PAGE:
I'm feeling a little left out. Everyone seems to have a tattoo and I don't have any ink. I'm not going to run out and get a tattoo because its not that I really want one, but I didn't realize how mainstream they have become. They aren't just for bad-ass bikers and sailors anymore. But I'm confused because studies done recently show that tattoo removal is actually on the rise because of the social stigma associated with tattoos. Interestingly enough, the word "stigma" actually means "tattoo" in other languages. But despite these studies, everywhere I look there seems to be a tattoo in plain view. Is there really still a stigma attached to tattoos or has that changed? And if there is a stigma, what is it? Maybe its not such a negative thing any longer to be a "bad-ass".
I was at Sesame Place with my kids at the beginning of the summer when I first started to notice the heavy prevalence of ink in our society. It seemed that everyone over the age of 18 had a tattoo in the park except for me. While we were waiting in line I had some time to study the tattoos of the group in front of us. The women all had matching "anklets" of jumping dolphins and various other hearts and flowers on their backs and shoulders. The man in the group had a showcase across his upper body. Did these tattoos influence my perception of this group of people I didn't know? Maybe. If nothing else, the tattoos gave me some information that this group didn't have about me. By the time it was our turn to get our photo with Cookie Monster, I at the very least knew all of their kids' names, their taste in music, and that someone had died because this was all incorporated into the man's "sleeves".
Maybe tattoos are just so common today that there can't be a stigma attached any longer. Maybe they can really just be seen as self-expression or art? But the term "tramp stamp" still pops into my head when I see a lower back tattoo (I can't help it, I've heard it too many times). And so I was a little shocked this summer when I showed up for the first time to swim at our Country Club. There was a lot of ink floating around the pool, including lower back tattoos. I was by no means offended, but I guess I just wasn't expecting them in such a "blue-blooded" crowd. I don't have a good reason why, but it just seems out of place. One lady in particular comes to the pool regularly fully "blinged" out in gold and diamonds. But she also has an ankle tat and another on her hip. Did my perception of her change when I saw her tattoos? Sure, I think so. There was suddenly more to her story for me; she became a little more edgy than just a pretty mom with some nice jewelry.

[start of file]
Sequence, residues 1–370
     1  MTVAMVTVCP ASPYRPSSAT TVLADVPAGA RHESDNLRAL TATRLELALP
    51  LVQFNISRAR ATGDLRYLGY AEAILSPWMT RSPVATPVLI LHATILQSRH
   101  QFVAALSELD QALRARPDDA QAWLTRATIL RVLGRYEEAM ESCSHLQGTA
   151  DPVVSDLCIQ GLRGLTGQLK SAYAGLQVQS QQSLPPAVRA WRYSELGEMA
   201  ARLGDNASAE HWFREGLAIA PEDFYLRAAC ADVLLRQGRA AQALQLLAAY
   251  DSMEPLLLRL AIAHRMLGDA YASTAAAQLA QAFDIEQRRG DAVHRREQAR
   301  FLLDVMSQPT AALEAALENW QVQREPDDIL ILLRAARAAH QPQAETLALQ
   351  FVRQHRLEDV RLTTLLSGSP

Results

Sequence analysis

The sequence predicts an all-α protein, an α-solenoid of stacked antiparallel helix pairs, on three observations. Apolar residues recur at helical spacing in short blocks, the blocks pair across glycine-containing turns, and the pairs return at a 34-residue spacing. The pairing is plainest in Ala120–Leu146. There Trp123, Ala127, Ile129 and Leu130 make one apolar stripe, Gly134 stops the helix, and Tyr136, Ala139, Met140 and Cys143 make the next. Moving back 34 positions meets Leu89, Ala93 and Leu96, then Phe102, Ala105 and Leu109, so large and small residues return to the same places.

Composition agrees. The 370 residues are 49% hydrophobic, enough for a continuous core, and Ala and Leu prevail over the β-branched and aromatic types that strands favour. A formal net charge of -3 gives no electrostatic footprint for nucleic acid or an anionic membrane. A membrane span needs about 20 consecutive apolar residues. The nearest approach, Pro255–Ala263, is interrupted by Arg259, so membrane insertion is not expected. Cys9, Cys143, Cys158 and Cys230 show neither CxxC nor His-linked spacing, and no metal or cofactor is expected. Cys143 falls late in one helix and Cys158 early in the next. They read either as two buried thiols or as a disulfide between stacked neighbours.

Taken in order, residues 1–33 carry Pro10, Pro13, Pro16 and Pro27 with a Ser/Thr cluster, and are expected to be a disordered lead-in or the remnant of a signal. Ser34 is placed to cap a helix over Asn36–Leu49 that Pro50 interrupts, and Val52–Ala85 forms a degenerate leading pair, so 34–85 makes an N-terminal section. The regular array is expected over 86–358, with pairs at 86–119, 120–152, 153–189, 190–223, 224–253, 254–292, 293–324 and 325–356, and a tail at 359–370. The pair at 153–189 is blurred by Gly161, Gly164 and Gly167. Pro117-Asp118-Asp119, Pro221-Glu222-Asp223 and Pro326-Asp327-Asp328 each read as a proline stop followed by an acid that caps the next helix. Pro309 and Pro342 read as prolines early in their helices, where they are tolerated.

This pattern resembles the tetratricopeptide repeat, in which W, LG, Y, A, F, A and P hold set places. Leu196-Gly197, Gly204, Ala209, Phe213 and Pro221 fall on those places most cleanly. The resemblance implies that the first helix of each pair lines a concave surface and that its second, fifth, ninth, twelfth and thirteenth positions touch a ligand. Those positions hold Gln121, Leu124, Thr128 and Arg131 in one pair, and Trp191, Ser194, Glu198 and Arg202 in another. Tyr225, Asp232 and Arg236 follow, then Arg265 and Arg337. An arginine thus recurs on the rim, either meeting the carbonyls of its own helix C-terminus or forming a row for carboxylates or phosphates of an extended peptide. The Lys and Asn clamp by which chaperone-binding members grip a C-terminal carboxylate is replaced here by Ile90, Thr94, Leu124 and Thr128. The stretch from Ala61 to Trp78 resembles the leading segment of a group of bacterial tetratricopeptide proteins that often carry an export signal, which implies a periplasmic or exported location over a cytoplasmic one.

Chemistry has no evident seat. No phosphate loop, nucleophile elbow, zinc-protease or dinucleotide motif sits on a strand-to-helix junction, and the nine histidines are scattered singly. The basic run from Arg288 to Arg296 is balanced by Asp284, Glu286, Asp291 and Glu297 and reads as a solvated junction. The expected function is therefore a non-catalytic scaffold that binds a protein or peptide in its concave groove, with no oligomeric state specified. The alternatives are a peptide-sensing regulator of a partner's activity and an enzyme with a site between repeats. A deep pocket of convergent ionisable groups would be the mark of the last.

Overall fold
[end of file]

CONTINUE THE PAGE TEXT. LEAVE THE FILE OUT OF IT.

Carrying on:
My kids think temporary tattoos are cool. Every kid loves temporary tattoos and my kids are sporting a new Transformer or Star Wars tattoo every couple of days. But my kids are also eerily drawn to Ed Hardy designs too, without even knowing that they are based on actual tattoo art. If my kids were picking out my clothes, I would be wearing my skull and broken heart Christian Audigier t-shirt every day. There are lots of tattoo inspired graphic t-shirts in stores now and my kids never fail to find them and insist that I add them to my wardrobe. Target even has a line of Ed Hardy designs back to school supplies and this is what my children run to - not the toys in the next isle. No, my kids would rather look at a mouse-pad with a "Death to Love" inscription across a broken heart. Designers and marketers have definitely decided that tattoos are mainstream.
Will I support my own children if they decide they want to get a tattoo someday? I'm still not sure I'm in. But, I'm not sure I have much of a case against it. There are a few moms in our crowd that have small ankle tattoos and I can hardly say that has any bearing on their character. My sister-in-law, who is also "tat-less" and I were discussing tattoos as she was applying a Henna tattoo on my ankle last week; a "girls' evening" activity chosen by my preteen niece. She likes the idea of tattoos as a form of self-expression, but she made a good point: she changes her mind too often to ever be happy with a design she might chose. Tattoos might be a little too permanent for me as well. I think my husband is very thankful that I talked him out of a Tasmanian Devil tattoo in high school and a fraternity inspired Rampant Lion in college. Stigma or not, these images just don't fit in with his image today. I'm going to stick with my Henna and avoid any permanence. And for now, my kids will have to be content with changing up their temporary tattoos as well. Maybe by the time they are old enough, I will have built a better case against getting engraved.